JuntoBlog

How a CEO Can Learn How to Get Better

Posted by Raman Chadha on February 8, 2019

When a company enrolls in Junto's Apprenticeship Program, we do an on-boarding interview during which we get to know the company's leadership team in more detail, and learn how we can customize the program to their needs.

One part of the interview is focused on the CEO. Before asking him or her any questions, we ask the rest of the leadership team, "How do you want [CEO's name] to get better as a CEO?" We get a variety of answers; sometimes, there's overlap and repetition, other times each person has a very different response.

It's only after that that we ask the CEO how they want to improve. We do this to create the space for the leadership team to provide their own truths and avoid being influenced by the CEO's response. And while the team is answering, someone on our team is periodically glancing at the CEO to read their non-verbals.

Last week, we did one of these interviews, after which I had a debriefing call with the CEO. I asked what his thoughts were on the session and he replied that it felt like group therapy. He appreciated learning how he was perceived and admitted feeling a little discomfort listening to his team talk about him. Their responses didn't surprise him yet it seemed to me that, after nine years, it may have been one of the first times he got such direct input from the team.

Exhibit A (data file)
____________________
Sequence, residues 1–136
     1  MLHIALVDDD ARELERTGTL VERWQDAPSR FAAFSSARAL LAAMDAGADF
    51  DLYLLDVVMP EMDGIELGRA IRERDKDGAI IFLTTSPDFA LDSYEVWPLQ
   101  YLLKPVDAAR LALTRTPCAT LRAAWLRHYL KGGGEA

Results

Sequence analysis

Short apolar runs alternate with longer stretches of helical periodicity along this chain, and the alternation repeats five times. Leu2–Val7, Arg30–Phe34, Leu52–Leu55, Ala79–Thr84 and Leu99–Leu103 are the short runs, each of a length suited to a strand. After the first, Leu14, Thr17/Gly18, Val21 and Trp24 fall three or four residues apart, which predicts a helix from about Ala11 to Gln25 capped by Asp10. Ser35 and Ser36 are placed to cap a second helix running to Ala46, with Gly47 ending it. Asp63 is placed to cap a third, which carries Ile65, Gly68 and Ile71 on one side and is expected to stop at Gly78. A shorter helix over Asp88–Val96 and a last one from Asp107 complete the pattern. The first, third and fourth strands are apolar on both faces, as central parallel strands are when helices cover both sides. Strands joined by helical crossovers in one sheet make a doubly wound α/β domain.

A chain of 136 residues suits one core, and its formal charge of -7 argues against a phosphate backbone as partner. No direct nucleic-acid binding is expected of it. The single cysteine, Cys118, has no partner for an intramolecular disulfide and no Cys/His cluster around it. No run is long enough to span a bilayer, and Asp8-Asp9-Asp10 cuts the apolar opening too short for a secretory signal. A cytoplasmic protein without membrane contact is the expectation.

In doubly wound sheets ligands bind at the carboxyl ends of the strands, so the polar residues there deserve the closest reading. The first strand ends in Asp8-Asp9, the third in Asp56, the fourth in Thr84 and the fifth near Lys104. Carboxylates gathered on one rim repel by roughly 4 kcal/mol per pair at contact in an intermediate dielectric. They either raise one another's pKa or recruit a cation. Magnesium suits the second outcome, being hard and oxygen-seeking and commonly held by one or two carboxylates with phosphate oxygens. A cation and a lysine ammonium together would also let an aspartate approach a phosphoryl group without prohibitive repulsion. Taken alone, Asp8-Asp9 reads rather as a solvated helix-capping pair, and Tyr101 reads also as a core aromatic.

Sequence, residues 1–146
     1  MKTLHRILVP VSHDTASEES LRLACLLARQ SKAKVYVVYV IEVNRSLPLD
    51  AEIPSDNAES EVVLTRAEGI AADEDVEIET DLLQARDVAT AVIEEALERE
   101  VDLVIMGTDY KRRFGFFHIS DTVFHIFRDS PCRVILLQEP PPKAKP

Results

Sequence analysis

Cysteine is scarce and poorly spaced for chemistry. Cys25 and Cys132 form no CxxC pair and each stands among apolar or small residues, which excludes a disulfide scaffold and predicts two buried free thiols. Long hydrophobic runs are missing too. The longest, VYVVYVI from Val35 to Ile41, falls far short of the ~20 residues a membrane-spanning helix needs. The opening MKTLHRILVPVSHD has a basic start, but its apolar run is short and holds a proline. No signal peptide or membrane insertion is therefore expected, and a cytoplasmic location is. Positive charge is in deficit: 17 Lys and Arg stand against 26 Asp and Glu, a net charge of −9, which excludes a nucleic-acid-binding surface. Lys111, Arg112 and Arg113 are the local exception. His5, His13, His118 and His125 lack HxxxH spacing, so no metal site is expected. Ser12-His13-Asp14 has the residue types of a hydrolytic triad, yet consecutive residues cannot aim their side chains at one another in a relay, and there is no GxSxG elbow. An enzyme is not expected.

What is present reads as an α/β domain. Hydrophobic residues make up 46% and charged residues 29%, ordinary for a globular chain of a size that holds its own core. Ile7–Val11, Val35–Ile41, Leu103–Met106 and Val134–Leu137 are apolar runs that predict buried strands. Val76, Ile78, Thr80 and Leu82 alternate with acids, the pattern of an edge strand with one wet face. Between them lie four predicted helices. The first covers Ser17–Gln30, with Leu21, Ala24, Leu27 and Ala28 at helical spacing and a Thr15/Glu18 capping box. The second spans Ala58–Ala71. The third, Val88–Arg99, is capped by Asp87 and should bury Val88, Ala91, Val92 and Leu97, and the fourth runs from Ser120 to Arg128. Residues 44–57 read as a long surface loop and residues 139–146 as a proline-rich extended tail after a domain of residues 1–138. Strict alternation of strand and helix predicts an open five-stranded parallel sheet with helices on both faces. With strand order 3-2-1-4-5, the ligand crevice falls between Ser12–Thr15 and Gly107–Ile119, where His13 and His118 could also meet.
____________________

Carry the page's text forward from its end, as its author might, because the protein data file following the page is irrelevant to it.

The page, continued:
This wasn't the first time this happened. In fact, I'd estimate that about two-thirds of these interviews have revealed original, and sometimes unsettling, feedback for the CEO. But in almost all of the cases, it was helpful to them.

One of the struggles I have with conventional performance management is that it's often backward-looking. We share our views on someone's quality of work and how they've performed...in the past. It's important but I don't believe it's as helpful as being forward-looking, and talking about how they can improve in the future.

And based on our experience, one question that takes only 10-15 minutes of conversation can shed more light on a CEO's performance - arguably the one person who gets the least amount of feedback - than any other.

"How can she get better as a CEO?"

Topics: Leadership, Learning

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